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High Anxiety? Cry if You Want To

25 September 2015 | Updated 01 January 1970

Research just published from Mind has found that four in five 18-34 year olds put on a brave face when they are anxious, yet only one in five admitted to crying in the past week because of anxiety.

However, anxiety is one of the most common mental health problems and the charity makes the point that crying is both a common and useful response to dealing with it. The charity has launched a free guide to help people better understand how to cope with stress and anxiety.

The Mind poll also revealed that 20% of 18-34 year olds feel that showing their emotions is a sign of weakness. ‘This attitude towards emotion and anxiety stands in stark contrast with older adults with only one in 10 people over the age of 55 believing that showing emotion is a sign of weakness,’ the report stated.

In fact, older adults appear generally more resilient with two fifths of people over 55 saying it has been longer than a year since they cried because of anxiety, or that they have never cried due to anxiety.

Gender also played a big role in responses to anxiety. Women are three times more likely than men to have cried because of anxiety in the previous week but they were also twice as likely to feel better for having cried. Women were also twice as likely to hide in the toilets at work if they felt anxious and half of women said they would eat more if they felt anxious compared to two fifths of men.

The reluctance of men to show their feelings can have a disastrous impact on their working lives. There is still a feeling of ‘weakness’ in many workplaces when males are seen to become emotionally upset.

He says that he thinks there shouldn't be a stigma about men crying, and says that he's been helped most by talking about his problems.

On a BBC Radio 5 this week that dealt with the Mind report, Kieran phoned in with his experience of when he went to a new job and started feeling increasingly anxious and depressed about how the work was going, coupled with problems at home. In the end he found he was vomiting on the way to work and panicking. His GP issued a sick notice only for his new employer to sack him immediately. Kieran believed there should be no ‘stigma’ surrounding men crying in the workplace.

Perhaps most worryingly, only half of people polled agreed that anxiety could be a mental health problem. Nearly one in 20 people currently experiences anxiety on its own and one in 10 has mixed anxiety and depression.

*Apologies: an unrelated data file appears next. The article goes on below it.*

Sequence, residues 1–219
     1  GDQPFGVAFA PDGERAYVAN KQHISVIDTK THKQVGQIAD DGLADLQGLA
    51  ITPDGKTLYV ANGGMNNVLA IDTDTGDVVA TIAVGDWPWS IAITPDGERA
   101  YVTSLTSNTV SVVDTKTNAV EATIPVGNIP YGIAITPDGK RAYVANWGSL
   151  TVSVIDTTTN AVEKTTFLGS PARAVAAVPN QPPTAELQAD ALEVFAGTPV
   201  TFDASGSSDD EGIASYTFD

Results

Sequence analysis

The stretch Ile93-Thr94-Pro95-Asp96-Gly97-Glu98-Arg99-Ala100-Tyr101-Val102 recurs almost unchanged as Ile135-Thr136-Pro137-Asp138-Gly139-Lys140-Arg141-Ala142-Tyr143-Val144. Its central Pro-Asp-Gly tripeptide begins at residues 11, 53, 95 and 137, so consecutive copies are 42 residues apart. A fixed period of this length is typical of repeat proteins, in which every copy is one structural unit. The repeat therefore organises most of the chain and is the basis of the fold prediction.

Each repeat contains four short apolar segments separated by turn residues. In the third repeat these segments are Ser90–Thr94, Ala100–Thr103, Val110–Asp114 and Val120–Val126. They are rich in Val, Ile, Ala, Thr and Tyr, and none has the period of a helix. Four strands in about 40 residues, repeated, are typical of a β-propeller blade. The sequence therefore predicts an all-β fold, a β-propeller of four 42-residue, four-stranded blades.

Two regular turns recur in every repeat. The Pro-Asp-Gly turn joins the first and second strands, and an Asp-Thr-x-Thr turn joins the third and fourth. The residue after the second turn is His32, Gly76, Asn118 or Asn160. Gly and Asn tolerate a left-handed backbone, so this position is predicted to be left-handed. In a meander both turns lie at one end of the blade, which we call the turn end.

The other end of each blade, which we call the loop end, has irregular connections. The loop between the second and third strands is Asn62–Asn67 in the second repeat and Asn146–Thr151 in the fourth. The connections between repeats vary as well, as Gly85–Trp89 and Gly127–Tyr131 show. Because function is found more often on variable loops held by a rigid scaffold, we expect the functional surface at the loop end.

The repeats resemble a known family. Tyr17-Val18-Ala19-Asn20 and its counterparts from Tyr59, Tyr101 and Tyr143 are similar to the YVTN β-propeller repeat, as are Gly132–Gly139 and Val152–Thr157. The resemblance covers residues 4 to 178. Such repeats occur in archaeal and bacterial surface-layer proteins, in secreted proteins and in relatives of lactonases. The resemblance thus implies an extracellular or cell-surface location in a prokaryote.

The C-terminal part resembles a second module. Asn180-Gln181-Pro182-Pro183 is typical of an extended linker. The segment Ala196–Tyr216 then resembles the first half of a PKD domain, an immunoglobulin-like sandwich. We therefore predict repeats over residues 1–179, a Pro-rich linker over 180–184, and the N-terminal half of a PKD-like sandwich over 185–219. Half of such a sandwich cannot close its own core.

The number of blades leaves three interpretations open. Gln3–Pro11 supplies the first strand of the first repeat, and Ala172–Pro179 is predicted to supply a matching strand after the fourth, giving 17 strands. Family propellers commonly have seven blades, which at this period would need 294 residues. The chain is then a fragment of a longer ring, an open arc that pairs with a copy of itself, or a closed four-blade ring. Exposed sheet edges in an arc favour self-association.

Anxiety has now become level with depression as the most common reason for calls to Mind’s Infoline. In 2014/15 alone there were 6,087 calls about anxiety and panic attacks which accounted for nearly one in six of all calls.

If the symptoms of anxiety, e.g. feeling tense and restless, breathing rapidly and getting light headed, or having persistent negative thoughts, are not addressed and become severe, they can have a serious impact on day-to-day life. Problems sleeping, lowered immune system and depression can all develop as a knock-on effect and can get to the point that it becomes difficult to hold down a job, maintain relationships or take pleasure in life.

“Many of us lead busy, stressful lives and sometimes it can feel like things are spiralling out of control,” said Paul Farmer, CEO, Mind. “Although it might seem tempting to put on a brave face, it really is all right to cry. It’s time for us all to stop holding back the tears and reach out for support. Responding to symptoms early is vital so that they don’t become more serious and complicated.”

Mind is urging people to respond to symptoms of anxiety in themselves or those around them by texting ANXIETY to 70660 to receive a free copy of Your guide to stress and anxiety or visit the website

Picture: There is still a stigma for many about being seen to be upset, especially in the workplace as a Mind report points out this week

Article written by Cathryn Ellis | Published 25 September 2015


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